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Part 1: Poverty

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By Marian Friedrichs (Feb 11, 2016)
The following is the first in our series on Catholic social teaching.

"Do not turn your face away from anyone who is poor, and the face of God will not be turned away from you. If you have many possessions, make your gift from them in proportion; if few, do not be afraid to give according to the little you have. So you will be laying up treasure for yourself against the day of necessity" (Tob 4:7-9).

Imagine that "day of necessity." Christ our Judge sits on His throne. At His feet sit His little brothers, the poor. They describe to the Lord how we looked, spoke, and acted when we encountered them — whether directly or through one of their advocates. They testify to our remembrance or forgetfulness of them when we planned our budgets, offered our prayers, or cast our votes. If we did not turn our faces from them on earth, we are able to meet their collective gaze on this day of our judgment. But if we averted our mortal eyes from them out of fear, indifference, or self-centeredness, we now hide our faces from them in shame.

It is all too easy to walk through life without seeing the poor. They have so little power to make themselves known, and there is always so much noise and urgency competing for our attention. Consider the rich man in the parable. I always wonder if he truly was a wicked, cold-hearted Scrooge who spat on poor Lazarus as he passed him by every day, or if he was simply a friendly, busy "good person" so full of himself and his own affairs that he never even noticed the heap of human suffering at his gate. The Gospel does not help us much to answer this question. It tells us only that the rich man "was dressed in purple and fine linen and lived in luxury every day" while Lazarus lay outside "covered with sores and longing to eat what fell from the rich man's table" (Lk 16: 19-21). But I think it probable that the rich man was like many of us: hard-working, well-intentioned, and with senses sadly dulled to the sight of a neighbor in the dust.

The rich man had a family to care for, obligations to meet, perhaps debts to pay. There was hardly room for people like Lazarus in his crowded thoughts or his already-full list of responsibilities. And yet, if we study and take seriously the age-old social teachings of Christ and His Church, we see that the poor are, indeed, part of the family God gave us to care for; that they have a right to remind us of our obligation to do what we can for them; that we owe them a debt for which we will be held accountable by our Father and theirs.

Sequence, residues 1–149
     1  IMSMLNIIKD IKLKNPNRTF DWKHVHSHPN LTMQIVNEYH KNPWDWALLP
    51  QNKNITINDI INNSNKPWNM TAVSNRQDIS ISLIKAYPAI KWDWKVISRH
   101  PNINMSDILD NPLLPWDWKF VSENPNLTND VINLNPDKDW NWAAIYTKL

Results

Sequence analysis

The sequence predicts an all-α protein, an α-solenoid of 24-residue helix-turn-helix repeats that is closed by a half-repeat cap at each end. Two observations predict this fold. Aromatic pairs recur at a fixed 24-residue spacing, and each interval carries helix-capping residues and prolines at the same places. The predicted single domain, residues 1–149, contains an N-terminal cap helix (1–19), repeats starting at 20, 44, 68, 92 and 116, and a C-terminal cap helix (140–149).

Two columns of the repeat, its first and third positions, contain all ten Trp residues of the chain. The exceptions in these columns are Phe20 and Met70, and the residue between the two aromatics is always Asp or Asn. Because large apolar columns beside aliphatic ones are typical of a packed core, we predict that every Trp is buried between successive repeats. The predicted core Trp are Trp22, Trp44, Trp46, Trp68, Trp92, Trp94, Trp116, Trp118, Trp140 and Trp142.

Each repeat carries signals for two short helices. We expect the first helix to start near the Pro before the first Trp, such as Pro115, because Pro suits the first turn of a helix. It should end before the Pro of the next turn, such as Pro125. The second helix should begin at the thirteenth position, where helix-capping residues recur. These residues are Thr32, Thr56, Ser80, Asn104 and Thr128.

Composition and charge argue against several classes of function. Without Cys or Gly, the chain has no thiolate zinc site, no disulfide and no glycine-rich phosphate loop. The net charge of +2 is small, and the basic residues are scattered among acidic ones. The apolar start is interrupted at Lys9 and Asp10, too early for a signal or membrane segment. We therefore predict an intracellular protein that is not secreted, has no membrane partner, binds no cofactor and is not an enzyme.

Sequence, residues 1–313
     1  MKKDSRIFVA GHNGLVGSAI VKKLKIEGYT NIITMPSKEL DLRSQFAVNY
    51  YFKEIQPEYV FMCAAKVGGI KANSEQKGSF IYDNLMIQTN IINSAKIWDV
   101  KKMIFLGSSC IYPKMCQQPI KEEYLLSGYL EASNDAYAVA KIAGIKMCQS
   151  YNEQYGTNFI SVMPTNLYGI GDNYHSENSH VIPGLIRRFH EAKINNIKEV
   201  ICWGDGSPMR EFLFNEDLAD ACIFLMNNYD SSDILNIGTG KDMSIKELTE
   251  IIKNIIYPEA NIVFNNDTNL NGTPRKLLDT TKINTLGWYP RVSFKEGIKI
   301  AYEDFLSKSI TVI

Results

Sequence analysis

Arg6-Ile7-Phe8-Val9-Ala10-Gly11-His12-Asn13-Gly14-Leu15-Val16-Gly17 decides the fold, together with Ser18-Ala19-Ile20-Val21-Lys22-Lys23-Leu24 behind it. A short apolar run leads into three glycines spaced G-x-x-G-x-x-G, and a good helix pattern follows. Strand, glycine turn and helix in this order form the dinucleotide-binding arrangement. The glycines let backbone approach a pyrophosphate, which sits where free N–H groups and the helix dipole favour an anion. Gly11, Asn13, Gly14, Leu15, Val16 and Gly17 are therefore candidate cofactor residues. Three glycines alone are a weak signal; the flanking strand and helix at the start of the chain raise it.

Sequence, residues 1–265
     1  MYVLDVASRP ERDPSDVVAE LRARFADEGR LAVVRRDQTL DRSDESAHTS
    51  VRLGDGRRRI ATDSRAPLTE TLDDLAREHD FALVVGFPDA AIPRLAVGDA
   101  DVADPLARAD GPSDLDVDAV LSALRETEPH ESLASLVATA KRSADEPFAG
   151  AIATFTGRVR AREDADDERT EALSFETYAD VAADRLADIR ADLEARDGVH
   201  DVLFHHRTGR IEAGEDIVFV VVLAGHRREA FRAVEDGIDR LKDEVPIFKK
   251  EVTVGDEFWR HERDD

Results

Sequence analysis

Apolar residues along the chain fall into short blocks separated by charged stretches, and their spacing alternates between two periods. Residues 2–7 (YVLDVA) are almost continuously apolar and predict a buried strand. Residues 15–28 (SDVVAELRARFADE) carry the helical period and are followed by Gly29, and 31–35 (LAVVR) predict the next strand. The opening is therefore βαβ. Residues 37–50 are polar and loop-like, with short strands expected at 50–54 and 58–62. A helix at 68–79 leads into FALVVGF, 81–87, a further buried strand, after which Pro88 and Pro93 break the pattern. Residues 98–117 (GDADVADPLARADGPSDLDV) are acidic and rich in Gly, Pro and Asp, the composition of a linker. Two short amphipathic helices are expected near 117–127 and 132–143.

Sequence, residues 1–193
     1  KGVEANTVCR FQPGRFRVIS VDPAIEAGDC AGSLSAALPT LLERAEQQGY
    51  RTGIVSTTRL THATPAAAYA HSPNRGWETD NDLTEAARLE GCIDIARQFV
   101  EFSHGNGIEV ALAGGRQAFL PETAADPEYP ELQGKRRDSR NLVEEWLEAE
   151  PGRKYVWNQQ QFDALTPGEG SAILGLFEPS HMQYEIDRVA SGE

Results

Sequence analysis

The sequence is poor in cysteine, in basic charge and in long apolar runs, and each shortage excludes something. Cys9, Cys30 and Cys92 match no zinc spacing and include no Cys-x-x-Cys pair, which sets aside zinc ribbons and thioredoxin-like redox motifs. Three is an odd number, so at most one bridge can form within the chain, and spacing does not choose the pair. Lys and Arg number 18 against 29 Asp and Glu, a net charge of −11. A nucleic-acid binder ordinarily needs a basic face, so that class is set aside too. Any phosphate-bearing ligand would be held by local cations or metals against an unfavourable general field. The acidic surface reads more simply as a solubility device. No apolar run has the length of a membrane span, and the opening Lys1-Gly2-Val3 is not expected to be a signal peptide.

Saint Ambrose wrote, "It is not from your own possessions that you are bestowing alms on the poor; you are but restoring to them what is theirs by right. For what was given to everyone for the use of all, you have taken for your exclusive use. The earth belongs not to the rich, but to everyone. Thus, far from giving lavishly, you are but paying part of your debt." Yes, we live as debtors, and the powerless, voiceless, anonymous poor hold our promissory note. Therefore, if we do honestly try to "mind our own business" and "take care of our own," we will commit time, treasure, and talent to the repayment of this debt. We will recognize and take seriously our obligation to spread God's wealth more evenly, standing up for the poor with our words and actions. When we consider policy proposals or candidates for leadership, we will not focus exclusively on how the issues affect us and those close to us, but we will investigate and take into account their potential impact on the poor.